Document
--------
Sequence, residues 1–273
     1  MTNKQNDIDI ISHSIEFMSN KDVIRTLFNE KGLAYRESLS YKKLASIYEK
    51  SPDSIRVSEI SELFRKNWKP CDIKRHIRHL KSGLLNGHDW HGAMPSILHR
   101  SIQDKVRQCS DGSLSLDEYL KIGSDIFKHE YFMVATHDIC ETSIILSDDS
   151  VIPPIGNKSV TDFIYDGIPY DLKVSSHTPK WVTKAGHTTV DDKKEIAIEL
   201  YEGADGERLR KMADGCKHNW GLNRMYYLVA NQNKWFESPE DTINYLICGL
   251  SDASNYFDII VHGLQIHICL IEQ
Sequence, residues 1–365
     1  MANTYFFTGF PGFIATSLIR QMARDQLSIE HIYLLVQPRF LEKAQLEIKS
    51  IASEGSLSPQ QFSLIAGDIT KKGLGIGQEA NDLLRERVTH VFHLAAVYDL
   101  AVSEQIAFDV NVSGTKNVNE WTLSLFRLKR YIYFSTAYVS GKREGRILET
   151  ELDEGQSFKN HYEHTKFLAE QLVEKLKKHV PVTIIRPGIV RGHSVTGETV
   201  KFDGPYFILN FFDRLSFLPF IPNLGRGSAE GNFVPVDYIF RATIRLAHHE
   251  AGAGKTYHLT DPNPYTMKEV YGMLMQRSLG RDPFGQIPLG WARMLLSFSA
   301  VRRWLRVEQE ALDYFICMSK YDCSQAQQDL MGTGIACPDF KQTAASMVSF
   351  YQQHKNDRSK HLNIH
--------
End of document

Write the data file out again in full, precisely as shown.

Sequence, residues 1–273
     1  MTNKQNDIDI ISHSIEFMSN KDVIRTLFNE KGLAYRESLS YKKLASIYEK
    51  SPDSIRVSEI SELFRKNWKP CDIKRHIRHL KSGLLNGHDW HGAMPSILHR
   101  SIQDKVRQCS DGSLSLDEYL KIGSDIFKHE YFMVATHDIC ETSIILSDDS
   151  VIPPIGNKSV TDFIYDGIPY DLKVSSHTPK WVTKAGHTTV DDKKEIAIEL
   201  YEGADGERLR KMADGCKHNW GLNRMYYLVA NQNKWFESPE DTINYLICGL
   251  SDASNYFDII VHGLQIHICL IEQ
Sequence, residues 1–365
     1  MANTYFFTGF PGFIATSLIR QMARDQLSIE HIYLLVQPRF LEKAQLEIKS
    51  IASEGSLSPQ QFSLIAGDIT KKGLGIGQEA NDLLRERVTH VFHLAAVYDL
   101  AVSEQIAFDV NVSGTKNVNE WTLSLFRLKR YIYFSTAYVS GKREGRILET
   151  ELDEGQSFKN HYEHTKFLAE QLVEKLKKHV PVTIIRPGIV RGHSVTGETV
   201  KFDGPYFILN FFDRLSFLPF IPNLGRGSAE GNFVPVDYIF RATIRLAHHE
   251  AGAGKTYHLT DPNPYTMKEV YGMLMQRSLG RDPFGQIPLG WARMLLSFSA
   301  VRRWLRVEQE ALDYFICMSK YDCSQAQQDL MGTGIACPDF KQTAASMVSF
   351  YQQHKNDRSK HLNIH